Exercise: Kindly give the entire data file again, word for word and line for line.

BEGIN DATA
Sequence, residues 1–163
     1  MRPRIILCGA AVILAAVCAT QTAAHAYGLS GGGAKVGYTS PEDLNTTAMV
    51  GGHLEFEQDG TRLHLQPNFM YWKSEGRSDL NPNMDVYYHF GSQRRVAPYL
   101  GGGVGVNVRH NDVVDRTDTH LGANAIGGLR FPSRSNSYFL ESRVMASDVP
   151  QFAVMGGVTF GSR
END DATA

Sequence, residues 1–163
     1  MRPRIILCGA AVILAAVCAT QTAAHAYGLS GGGAKVGYTS PEDLNTTAMV
    51  GGHLEFEQDG TRLHLQPNFM YWKSEGRSDL NPNMDVYYHF GSQRRVAPYL
   101  GGGVGVNVRH NDVVDRTDTH LGANAIGGLR FPSRSNSYFL ESRVMASDVP
   151  QFAVMGGVTF GSR